Independent cinemas' fight for survival in Wales
- 2 February 2011
- From the section Wales
In the wake of recent cinema closures in west and north Wales, an independent cinema owner has warned there are likely to be more casualties.
There were hundreds of cinemas in Wales in the 1950s, but today there are fewer than 60 regular film venues.
These range from big chain multiplexes offering a choice of films every day to small halls and arts centres where occasional films are just part of a mixed programme of entertainment.
But it seems it is the traditional, small town cinema that is facing the greatest threat at present.
Peter Davies, who with his wife Irene, owns cinemas in Brecon, Haverfordwest and Abergavenny, says the sector's going through a very tough time.
"I'm not surprised to see a few giving up in the last couple of months," he said.
"You can't keep on losing money week after week. There's a point where you have to stop and it's quite frightening because it could be an end to any of them."
He said the whole industry was being affected.
The first large-scale cinema closures and mergers began in the late 1950s
"The recession is not helping at all. It's been a real killer, particularly since September," said Mr Davies.
"We've been losing money week on week and there's a limit to how long you can keep on going like that."
Dr Peter Miskell, author of A Social History of Cinema in Wales, says independent cinemas were traditionally the biggest sector here and 60 years ago, the nation boasted more than 350 picture houses.
"In Wales, to a much greater extent than other parts of the UK, they were independently owned," he said.
Dr Miskell, who is originally from Port Talbot, studied at Aberystwyth University and it was his PhD research there that led to the publication of his book on cinema in Wales.
"In the late 1950s onwards the closures start happening in a really big way," he said.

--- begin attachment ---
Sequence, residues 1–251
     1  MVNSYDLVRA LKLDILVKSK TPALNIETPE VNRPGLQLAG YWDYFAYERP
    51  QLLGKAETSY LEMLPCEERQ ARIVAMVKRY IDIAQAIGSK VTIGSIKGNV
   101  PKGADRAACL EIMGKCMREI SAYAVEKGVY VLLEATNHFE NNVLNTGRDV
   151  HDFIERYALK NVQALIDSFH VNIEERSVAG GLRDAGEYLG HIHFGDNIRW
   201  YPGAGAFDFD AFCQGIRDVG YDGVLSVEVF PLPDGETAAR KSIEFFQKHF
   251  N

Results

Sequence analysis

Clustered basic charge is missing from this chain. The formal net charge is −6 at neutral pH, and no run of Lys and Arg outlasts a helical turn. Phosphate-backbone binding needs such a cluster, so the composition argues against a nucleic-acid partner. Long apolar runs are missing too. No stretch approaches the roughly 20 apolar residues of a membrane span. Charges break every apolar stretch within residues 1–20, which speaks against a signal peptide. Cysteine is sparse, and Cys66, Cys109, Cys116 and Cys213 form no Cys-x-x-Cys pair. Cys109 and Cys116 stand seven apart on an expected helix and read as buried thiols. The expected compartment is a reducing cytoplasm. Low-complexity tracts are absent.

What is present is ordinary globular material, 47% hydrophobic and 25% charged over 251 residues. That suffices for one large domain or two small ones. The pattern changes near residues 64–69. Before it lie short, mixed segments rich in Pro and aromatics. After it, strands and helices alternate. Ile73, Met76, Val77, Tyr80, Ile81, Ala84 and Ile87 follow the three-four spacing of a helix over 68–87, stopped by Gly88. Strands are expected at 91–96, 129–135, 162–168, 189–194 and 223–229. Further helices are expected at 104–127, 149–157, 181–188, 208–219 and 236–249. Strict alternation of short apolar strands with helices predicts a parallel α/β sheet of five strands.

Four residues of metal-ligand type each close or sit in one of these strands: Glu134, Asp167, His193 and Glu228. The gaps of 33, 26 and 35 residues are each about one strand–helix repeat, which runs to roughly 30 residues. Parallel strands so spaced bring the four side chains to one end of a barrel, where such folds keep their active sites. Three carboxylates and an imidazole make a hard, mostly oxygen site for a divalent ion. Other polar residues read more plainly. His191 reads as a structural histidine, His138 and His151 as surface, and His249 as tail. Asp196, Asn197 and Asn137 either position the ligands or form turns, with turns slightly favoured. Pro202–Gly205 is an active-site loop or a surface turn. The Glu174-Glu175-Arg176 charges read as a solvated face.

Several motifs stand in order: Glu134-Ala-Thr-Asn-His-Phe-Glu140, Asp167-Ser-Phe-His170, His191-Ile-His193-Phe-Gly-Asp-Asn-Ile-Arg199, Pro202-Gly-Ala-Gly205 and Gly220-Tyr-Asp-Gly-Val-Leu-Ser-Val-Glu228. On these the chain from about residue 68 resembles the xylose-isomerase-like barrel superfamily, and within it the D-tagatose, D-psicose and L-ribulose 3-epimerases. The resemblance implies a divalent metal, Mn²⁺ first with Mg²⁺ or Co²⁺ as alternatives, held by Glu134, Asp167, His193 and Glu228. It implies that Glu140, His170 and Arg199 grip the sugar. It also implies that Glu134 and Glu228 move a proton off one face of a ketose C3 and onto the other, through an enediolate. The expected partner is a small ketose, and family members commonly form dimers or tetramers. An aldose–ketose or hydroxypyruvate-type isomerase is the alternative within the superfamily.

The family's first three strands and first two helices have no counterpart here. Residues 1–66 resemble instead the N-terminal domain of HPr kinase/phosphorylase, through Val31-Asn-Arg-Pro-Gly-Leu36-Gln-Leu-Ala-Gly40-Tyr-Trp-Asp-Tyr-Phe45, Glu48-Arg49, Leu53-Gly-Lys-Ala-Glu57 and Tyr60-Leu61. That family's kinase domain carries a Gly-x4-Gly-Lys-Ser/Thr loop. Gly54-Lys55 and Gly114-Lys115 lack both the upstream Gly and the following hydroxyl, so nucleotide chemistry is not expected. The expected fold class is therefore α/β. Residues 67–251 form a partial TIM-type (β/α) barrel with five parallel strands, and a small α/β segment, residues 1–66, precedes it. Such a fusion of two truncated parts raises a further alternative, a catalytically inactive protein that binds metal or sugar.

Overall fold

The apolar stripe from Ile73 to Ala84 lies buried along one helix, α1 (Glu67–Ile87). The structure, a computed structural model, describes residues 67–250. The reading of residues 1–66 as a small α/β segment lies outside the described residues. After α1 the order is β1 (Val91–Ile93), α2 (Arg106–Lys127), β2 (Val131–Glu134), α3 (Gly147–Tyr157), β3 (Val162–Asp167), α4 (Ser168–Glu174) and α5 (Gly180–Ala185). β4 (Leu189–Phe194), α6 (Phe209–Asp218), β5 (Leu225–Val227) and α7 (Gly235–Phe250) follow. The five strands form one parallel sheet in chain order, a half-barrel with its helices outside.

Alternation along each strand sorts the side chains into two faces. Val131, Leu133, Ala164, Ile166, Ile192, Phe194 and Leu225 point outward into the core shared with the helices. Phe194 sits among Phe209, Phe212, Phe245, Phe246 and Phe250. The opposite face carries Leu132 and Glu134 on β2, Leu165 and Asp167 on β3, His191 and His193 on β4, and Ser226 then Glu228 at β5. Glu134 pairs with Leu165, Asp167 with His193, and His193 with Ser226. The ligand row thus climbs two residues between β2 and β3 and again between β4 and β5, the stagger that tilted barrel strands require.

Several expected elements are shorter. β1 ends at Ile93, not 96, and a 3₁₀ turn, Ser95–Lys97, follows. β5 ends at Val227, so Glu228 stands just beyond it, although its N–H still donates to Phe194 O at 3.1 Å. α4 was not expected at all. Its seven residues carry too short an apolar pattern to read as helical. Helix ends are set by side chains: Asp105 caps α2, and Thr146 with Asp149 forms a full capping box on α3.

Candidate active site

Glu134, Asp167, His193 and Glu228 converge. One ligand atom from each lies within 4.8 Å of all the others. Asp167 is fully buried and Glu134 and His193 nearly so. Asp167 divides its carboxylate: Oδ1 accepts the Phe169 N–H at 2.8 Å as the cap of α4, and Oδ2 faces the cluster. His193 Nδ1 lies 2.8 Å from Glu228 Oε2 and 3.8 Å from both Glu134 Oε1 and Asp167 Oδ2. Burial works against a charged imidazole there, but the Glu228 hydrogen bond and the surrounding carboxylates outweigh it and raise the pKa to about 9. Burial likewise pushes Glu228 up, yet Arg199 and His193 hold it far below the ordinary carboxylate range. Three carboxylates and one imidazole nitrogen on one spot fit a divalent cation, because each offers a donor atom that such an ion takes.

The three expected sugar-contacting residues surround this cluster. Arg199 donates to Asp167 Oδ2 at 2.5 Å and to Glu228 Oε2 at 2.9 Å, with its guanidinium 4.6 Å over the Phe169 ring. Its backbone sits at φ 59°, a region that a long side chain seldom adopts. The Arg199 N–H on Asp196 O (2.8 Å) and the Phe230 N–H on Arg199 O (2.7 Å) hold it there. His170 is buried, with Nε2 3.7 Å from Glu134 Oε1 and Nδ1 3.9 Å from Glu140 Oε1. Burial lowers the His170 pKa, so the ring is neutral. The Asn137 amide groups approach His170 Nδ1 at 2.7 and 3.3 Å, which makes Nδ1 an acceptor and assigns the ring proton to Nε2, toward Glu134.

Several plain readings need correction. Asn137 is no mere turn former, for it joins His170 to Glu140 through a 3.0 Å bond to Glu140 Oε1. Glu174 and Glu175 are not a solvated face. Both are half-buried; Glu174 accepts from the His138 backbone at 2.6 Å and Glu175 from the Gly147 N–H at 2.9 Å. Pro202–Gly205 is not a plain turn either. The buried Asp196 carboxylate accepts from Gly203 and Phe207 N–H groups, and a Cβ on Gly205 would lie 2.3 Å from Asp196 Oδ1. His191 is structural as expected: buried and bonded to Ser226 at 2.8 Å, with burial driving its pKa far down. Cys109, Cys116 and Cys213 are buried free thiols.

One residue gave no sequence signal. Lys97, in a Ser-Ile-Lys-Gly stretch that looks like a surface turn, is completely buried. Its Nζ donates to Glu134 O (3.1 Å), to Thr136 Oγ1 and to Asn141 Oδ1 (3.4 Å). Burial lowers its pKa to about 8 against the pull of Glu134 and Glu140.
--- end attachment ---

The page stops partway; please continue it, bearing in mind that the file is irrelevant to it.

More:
For independent cinemas that are still operating he thinks distinctiveness is the key to continuing success.
"One or two have established themselves because of the fact that they're old buildings, they've created an ambience," he said.
"Sometimes they'll specialise in showing classic films or art house films and therefore really differentiate themselves from the standard multiplex.
"Those are the ones that have managed to hang on. But the ones that try to compete directly with the big chains can't cope at all."
Peter Davies sees things differently, though.
He says it's the high-profile new releases like a Harry Potter or The King's Speech that bring in the crowds and small screens face big costs in upgrading to meet demands of new technology.
Other cinemas are diversifying. The new owners of Tywyn's Magic Lantern are combining new releases with arthouse films and themed nights, as well as planning to add a cafe bar and live entertainment.
In Holyhead The Empire cinema has plans for a 10-pin bowling alley, as well as upgrading to show 3D films.
"At the moment the cost of 3D is out of the question for most traditional cinemas in smaller towns," says Mr Davies.
"Basically you have to go digital before you can go 3D and digital's £40,000-£50,000 per screen and 3D about another £20,000 on top of that."
As well as being up against the might of the multiplexes, he says it is also difficult to compete with arts centres and other publicly-owned venues showing films.
"They can apply for grant money to get all the new technology put in - as an independent we can't. We're on our own," he said.
"We could do with people getting back to the cinema, because if they do close they very rarely re-open."